Tim is a teacher, author, and technology leader with Confluent, where he serves as the Senior Director of Developer Experience. He can frequently be found at speaking at conferences in the United States and all over the world. He is the co-presenter of various O’Reilly training videos on topics ranging from Git to Distributed Systems, and is the author of Gradle Beyond the Basics. He tweets as @tlberglund, blogs very occasionally at http://timberglund.com, is the co-host of the http://devrelrad.io podcast, and lives in Littleton, CO, USA with the wife of his youth and their youngest child, the other two having mostly grown up.
Microservice architectures provide a robust challenge to the traditional centralized database we have come to understand. In this talk, we’ll explore the notion of unbundling that database, and putting a distributed commit log at the center of our information architecture. As events impinge on our system, we store them in a durable, immutable log (happily provided by Apache Kafka), allowing each microservice to create a derived view of the data according to the needs of its clients. Event-based integration avoids the now-well-known problems of RPC and database-based service integration, and allows the information architecture of the future to take advantage of the growing functionality of stream processing systems like Kafka, allowing us to create systems that can more easily adapt to the changing needs of the enterprise and provide the real-time results we are increasingly being asked to provide.
Streaming is all the rage in the data space, but can stream processing be used to build business systems? Do Streaming and Microservices actually have anything in common? These are the questions we’ll explore in this talk by looking at how real-world Streaming Microservices are actually built. We'll explore how services collaborate using events instead of traditional REST calls. We'll take this idea a step further using Kafka’s Streams API: embedding the ability to join and process data right inside our services. Finally we'll build a fictitious system, from the ground up, using these tools and techniques, bridging the sync-async divide to form bounded contexts separated by an asynchronous, event-driven core.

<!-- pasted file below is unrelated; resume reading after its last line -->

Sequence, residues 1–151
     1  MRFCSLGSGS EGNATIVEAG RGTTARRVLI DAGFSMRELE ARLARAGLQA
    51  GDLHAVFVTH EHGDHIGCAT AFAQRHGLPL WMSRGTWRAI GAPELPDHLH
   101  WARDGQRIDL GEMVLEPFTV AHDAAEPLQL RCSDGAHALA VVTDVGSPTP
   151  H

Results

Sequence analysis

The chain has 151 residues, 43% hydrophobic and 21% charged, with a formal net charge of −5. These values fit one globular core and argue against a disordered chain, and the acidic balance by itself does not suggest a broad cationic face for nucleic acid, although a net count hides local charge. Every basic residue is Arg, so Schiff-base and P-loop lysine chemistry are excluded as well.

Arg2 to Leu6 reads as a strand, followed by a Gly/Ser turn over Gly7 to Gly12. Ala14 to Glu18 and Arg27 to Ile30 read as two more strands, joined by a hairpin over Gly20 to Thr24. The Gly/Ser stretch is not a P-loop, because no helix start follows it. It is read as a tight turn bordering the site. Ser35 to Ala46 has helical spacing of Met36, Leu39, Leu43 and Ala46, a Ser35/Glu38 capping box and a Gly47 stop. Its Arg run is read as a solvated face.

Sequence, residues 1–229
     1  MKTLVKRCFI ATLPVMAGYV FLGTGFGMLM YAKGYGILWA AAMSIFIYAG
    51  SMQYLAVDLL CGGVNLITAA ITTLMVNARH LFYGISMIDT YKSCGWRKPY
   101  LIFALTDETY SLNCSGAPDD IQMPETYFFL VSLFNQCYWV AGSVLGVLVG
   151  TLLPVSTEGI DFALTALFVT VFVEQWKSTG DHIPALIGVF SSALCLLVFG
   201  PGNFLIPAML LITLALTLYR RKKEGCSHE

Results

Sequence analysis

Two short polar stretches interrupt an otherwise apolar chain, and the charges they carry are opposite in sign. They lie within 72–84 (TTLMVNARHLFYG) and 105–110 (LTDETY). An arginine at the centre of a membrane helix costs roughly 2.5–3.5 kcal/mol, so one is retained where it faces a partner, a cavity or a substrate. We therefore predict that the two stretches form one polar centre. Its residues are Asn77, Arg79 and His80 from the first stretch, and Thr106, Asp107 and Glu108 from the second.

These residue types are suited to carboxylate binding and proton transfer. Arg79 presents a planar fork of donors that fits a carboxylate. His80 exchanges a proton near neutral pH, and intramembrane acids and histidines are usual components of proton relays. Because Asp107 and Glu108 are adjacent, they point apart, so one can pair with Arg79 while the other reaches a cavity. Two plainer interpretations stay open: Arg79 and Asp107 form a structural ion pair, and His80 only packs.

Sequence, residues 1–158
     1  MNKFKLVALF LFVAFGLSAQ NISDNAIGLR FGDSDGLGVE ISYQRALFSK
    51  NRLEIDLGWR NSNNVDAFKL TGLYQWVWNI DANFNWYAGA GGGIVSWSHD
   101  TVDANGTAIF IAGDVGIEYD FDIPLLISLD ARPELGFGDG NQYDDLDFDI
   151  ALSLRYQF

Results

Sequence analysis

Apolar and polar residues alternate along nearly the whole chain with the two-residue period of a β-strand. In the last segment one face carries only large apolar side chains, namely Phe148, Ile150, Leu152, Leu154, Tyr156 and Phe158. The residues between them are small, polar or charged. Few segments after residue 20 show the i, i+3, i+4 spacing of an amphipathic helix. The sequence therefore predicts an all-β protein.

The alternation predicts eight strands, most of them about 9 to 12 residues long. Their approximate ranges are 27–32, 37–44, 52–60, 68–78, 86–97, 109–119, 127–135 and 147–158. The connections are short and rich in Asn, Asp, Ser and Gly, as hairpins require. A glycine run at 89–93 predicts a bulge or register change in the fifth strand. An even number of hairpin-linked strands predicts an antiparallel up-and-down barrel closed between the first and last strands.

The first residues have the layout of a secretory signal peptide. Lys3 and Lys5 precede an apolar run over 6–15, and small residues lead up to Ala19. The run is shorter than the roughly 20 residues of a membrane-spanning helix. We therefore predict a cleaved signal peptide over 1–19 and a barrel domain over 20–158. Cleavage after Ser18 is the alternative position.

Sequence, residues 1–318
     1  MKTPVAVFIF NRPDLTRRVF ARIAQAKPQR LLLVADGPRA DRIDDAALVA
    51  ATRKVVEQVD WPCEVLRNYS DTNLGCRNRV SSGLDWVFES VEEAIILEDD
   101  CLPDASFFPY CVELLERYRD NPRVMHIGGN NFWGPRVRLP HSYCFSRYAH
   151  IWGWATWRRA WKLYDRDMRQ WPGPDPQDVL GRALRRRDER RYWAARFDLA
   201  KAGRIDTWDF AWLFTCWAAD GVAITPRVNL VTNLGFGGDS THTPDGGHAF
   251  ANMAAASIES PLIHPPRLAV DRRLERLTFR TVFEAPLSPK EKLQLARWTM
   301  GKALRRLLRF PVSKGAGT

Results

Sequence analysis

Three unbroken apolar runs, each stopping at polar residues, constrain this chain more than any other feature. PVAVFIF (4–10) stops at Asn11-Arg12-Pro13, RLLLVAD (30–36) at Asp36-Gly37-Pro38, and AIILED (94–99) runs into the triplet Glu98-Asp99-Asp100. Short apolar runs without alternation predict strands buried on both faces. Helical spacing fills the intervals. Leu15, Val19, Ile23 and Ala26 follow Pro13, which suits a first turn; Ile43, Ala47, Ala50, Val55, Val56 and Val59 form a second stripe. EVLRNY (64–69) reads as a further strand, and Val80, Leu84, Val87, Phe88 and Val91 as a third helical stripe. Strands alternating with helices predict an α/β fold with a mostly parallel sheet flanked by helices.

Apache Kafka is a de facto standard streaming data processing platform, being widely deployed as a messaging system, and having a robust data integration framework (Kafka Connect) and stream processing API (Kafka Streams) to meet the needs that common attend real-time message processing. But there’s more!
Kafka now offers KSQL, a declarative, SQL-like stream processing language that lets you define powerful stream-processing applications easily. What once took some moderately sophisticated Java code can now be done at the command line with a familiar and eminently approachable syntax. Come to this talk for an overview of KSQL with live coding on live streaming data.